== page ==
A microcontroller family has a long commercial life. Over time the implementation choices made at the time of the initial design for the system bus timings may not permit the system bus to interconnect efficiently with memory devices as the technology evolves. For example, a microcontroller may initially be designed to operate with a 10 MHz system clock with the mode0 system bus timings defined in FIG. 3. In mode0, a 10 MHz system clock would give maximum specifications for TOE, TACC, TDF, TWP, and TAW of 70 ns, 270 ns, 100 ns, 100 ns, and 300 ns, respectively. A variety of commercially available memories meet these specifications. Over time the manufacturing technology advances allowing the same microcontroller design manufactured using modern manufacturing technology to operate with a 20 MHz system clock. With the increased system clock frequency the mode0 system bus timing specifications of TOE, TACC, TDF, TWP, and TAW are reduced to 20 ns, 120 ns, 50 ns, 50 ns, and 150 ns, respectively. Even today's fastest, most expensive EPROM memories are not capable of meeting these timing specifications making it impossible for the microcontroller to reliably access external memory when operating at frequencies much higher than the 10 MHz for which the system bus timings of the microcontroller were originally designed. This is a serious limitation on the marketability of an older microcontroller design.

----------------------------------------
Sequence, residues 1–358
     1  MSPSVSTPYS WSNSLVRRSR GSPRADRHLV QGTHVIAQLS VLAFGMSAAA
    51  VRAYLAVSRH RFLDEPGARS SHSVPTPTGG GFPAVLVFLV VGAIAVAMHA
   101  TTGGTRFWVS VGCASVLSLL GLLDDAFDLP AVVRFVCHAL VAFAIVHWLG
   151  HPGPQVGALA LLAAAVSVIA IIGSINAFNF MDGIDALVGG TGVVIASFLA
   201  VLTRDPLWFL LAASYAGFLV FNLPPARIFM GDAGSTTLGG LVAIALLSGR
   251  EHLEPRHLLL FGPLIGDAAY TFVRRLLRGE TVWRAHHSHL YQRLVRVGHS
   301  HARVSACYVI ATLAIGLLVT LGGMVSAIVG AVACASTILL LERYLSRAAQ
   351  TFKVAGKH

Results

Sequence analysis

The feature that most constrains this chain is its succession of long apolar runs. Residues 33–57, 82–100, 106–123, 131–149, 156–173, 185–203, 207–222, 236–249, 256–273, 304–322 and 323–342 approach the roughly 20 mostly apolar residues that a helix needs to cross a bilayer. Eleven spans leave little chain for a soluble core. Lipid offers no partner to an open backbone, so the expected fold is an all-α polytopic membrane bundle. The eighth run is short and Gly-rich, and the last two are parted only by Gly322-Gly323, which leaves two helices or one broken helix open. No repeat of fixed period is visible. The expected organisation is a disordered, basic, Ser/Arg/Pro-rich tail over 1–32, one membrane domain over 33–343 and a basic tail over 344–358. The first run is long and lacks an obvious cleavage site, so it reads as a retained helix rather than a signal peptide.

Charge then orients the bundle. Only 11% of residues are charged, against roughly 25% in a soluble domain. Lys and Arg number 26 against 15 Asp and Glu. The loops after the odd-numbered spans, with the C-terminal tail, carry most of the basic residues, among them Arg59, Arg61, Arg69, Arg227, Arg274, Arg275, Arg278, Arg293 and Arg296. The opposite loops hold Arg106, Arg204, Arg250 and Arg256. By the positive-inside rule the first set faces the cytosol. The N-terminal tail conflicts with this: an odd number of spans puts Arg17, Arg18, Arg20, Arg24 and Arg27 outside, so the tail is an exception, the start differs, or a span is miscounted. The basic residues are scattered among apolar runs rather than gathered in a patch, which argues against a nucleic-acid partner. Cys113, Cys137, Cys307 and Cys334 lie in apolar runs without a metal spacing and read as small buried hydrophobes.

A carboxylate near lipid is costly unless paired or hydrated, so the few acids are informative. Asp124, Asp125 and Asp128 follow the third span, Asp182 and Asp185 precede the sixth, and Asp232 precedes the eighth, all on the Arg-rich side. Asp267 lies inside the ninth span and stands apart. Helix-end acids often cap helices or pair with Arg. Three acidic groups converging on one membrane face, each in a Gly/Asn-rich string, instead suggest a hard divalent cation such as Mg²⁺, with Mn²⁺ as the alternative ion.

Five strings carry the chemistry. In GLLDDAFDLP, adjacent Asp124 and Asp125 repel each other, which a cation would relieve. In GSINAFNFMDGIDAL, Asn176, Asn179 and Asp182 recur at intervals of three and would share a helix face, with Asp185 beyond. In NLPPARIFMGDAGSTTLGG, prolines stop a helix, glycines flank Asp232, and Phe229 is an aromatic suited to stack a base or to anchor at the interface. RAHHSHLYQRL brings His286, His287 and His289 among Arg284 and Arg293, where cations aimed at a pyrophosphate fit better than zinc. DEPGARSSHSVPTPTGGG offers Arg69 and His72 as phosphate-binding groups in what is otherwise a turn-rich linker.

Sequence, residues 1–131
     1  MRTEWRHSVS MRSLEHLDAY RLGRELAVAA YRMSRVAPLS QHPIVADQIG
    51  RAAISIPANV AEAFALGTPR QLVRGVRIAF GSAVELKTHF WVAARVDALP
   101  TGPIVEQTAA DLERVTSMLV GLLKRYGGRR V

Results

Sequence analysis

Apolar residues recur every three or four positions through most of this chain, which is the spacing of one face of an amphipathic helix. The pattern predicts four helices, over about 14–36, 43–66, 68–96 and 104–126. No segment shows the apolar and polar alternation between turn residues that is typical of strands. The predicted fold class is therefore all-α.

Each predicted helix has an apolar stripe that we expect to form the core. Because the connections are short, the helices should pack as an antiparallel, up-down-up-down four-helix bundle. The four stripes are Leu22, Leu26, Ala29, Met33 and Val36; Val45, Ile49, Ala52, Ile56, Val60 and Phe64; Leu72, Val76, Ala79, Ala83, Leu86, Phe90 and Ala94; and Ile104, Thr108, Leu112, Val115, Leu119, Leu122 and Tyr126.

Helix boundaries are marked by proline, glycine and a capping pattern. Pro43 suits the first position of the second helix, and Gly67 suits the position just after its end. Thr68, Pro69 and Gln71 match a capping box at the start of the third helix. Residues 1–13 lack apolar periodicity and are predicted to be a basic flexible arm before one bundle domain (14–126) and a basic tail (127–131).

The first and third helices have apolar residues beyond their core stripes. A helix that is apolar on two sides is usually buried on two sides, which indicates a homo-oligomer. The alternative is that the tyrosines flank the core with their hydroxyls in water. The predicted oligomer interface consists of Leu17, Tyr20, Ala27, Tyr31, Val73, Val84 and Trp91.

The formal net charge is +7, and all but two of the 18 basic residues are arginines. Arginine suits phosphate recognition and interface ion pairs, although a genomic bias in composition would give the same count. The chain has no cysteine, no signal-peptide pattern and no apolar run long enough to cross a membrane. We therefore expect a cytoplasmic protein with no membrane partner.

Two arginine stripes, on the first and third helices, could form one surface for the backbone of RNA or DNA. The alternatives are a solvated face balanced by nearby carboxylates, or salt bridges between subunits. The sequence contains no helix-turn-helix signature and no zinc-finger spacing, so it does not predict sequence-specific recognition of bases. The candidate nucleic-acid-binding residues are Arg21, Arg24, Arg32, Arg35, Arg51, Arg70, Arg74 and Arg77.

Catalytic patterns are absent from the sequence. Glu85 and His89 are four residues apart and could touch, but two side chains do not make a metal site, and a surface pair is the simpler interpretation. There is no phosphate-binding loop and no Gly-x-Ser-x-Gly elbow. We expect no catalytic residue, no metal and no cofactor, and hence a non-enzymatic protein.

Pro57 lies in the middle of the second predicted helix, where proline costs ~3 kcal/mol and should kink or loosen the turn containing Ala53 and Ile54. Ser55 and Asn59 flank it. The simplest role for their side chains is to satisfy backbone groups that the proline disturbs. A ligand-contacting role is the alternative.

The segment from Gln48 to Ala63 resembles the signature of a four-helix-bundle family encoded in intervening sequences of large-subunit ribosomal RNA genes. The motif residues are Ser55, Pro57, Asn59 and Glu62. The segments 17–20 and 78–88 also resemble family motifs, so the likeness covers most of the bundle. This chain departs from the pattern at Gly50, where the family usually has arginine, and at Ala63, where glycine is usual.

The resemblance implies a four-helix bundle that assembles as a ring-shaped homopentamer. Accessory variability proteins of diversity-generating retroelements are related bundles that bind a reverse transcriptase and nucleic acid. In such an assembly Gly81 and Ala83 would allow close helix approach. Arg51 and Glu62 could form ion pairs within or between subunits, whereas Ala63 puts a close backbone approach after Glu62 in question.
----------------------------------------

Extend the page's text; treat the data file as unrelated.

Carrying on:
FIG. 4 illustrates in block diagram form the microcontroller of the currently preferred embodiment of the present invention. The microcontroller of the present invention is readily realized as an integrated circuit using well known complementary metal-oxide semiconductor (CMOS) processing technology. Microcontroller 36 receives system clock osc 37 and generates the on-chip clock ph1 52. Osc 37 and ph1 52 are not in-phase. A 2 frequency multiplier 50 receives ph1 52 and generates bcclk 48 which is a square-wave signal that is twice the frequency of and substantially in-phase with ph1 52. Ph1 52 and bcclk 48 being substantially in-phase means that for each edge of ph1 52 an edge of bcclk 48 occurs at substantially the same time. The 2 frequency multiplier 50 can be implemented with a phase-locked loop frequency multiplier circuit as described in U.S. Pat. No. 5,281,863 "A PHASE-LOCKED LOOP FREQUENCY-MULTIPLYING PHASE-MATCHING CIRCUIT WITH A SQUARE-WAVE OUTPUT." This U.S. Patent is assigned to the assignee of the present invention. Because ph1 52 and bcclk 48 are substantially in-phase they can be logically combined, without major modification to the original design, to trigger system bus timing events on edges of bcclk 48, thereby providing greater flexibility in the placement of the system bus timing events.

Bus controller 38 of microcontroller 36 includes mode selector 42. Mode selector 42 selects one of three system bus timing modes depending on the logical values of signals msel1 46 and msel2 44. If msel1 46 and msel2 44 have logical values of 0 and 0, respectively, mode0 system bus timings as illustrated in FIG. 3 are selected. If msel1 46 and msel2 44 have logical values of 1 and 0, respectively, mode1 system bus timings as illustrated in FIG. 5 are selected. If msel1 46 and msel2 44 have logical values of 0 and 1, respectively, mode2 system bus timings as illustrated in FIG. 6 are selected.